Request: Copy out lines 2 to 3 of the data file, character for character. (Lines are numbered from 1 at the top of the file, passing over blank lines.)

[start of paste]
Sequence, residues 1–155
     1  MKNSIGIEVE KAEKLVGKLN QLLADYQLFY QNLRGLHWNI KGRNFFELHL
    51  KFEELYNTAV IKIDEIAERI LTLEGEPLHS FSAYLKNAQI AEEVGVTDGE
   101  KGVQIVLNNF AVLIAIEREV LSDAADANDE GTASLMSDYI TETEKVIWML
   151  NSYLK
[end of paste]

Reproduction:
     1  MKNSIGIEVE KAEKLVGKLN QLLADYQLFY QNLRGLHWNI KGRNFFELHL
    51  KFEELYNTAV IKIDEIAERI LTLEGEPLHS FSAYLKNAQI AEEVGVTDGE